During the experiment, air accidentally entered the chamber, producing an oxide film on the nickel surface. To remove the oxide, Davisson and Germer heated the specimen in a high temperature oven, not knowing that this caused the formerly polycrystalline structure of the nickel to form large single crystal areas with crystal planes continuous over the width of the electron beam.[6]

When they started the experiment again and the electrons hit the surface, they were scattered by nickel atoms in crystal planes (so the atoms were regularly spaced) of the crystal. This, in 1925, generated a diffraction pattern with unexpected peaks.

On a break, Davisson attended the Oxford meeting of the British Association for the Advancement of Science in summer 1926. At this meeting, he learned of the recent advances in quantum mechanics. To Davisson's surprise, Max Born gave a lecture that used diffraction curves from Davisson's 1923 research which he had published in Science that year, using the data as confirmation of the de Broglie hypothesis.[7]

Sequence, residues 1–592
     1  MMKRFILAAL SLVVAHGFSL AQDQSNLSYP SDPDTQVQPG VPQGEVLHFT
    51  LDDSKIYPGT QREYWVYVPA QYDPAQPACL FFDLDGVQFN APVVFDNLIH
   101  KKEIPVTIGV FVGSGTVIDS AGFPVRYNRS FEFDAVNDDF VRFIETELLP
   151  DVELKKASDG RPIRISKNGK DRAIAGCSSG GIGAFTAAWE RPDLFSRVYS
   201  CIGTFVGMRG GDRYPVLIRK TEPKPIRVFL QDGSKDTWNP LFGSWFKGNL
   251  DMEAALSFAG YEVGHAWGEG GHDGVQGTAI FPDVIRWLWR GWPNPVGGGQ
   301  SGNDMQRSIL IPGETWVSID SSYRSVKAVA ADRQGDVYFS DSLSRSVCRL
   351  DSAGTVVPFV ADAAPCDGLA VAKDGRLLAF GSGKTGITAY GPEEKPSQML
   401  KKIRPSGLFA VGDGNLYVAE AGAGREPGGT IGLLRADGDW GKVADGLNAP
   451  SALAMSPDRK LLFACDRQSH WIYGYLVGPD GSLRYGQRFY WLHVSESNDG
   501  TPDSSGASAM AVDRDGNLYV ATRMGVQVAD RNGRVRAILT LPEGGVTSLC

He learned that in prior years, other scientists – Walter Elsasser, E. G. Dymond, and Blackett, James Chadwick, and Charles Ellis – had attempted similar diffraction experiments, but were unable to generate low enough vacuums or detect the low-intensity beams needed.[7]

Returning to the United States, Davisson made modifications to the tube design and detector mounting, adding azimuth in addition to colatitude. Following experiments generated a strong signal peak at 65 V and an angle θ = 45°. He published a note to Nature titled, "The Scattering of Electrons by a Single Crystal of Nickel".[8]

Questions still needed to be answered and experimentation continued through 1927.[9]

By varying the applied voltage to the electron gun, the maximum intensity of electrons diffracted by the atomic surface was found at different angles. The highest intensity was observed at an angle θ = 50° with a voltage of 54 V, giving the electrons a kinetic energy of 54 eV.[2]